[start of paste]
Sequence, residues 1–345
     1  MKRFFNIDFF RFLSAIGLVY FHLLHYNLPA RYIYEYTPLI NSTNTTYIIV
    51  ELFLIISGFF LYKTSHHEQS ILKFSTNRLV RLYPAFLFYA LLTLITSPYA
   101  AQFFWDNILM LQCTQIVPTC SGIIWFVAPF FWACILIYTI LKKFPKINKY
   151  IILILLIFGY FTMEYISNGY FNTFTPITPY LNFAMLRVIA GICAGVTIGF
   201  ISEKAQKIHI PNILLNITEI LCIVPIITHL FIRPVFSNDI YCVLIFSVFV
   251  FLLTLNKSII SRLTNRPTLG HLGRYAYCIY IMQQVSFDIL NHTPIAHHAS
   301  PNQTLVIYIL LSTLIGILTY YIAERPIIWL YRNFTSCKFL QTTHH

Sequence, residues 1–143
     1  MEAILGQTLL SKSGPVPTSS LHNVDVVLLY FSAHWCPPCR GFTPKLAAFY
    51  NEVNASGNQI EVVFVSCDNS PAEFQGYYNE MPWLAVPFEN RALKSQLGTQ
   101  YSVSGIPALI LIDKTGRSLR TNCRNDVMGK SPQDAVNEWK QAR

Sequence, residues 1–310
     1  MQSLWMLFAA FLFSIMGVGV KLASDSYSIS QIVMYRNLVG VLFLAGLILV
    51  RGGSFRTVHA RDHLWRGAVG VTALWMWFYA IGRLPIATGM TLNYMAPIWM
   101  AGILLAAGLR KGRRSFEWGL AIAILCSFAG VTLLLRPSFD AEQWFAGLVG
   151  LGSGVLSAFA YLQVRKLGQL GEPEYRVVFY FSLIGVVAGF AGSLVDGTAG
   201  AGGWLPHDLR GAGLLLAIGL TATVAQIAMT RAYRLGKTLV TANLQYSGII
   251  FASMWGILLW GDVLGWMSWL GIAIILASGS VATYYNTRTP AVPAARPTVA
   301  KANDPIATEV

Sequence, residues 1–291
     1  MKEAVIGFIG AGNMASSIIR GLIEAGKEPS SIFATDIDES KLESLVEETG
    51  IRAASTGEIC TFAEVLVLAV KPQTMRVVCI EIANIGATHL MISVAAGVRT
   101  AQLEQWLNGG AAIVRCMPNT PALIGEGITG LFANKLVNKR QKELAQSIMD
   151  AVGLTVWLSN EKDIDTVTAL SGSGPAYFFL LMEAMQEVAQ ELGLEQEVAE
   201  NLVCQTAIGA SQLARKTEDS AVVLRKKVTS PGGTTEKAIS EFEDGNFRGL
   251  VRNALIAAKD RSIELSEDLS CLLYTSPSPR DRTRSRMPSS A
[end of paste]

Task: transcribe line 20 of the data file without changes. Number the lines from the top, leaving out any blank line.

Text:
   301  KANDPIATEV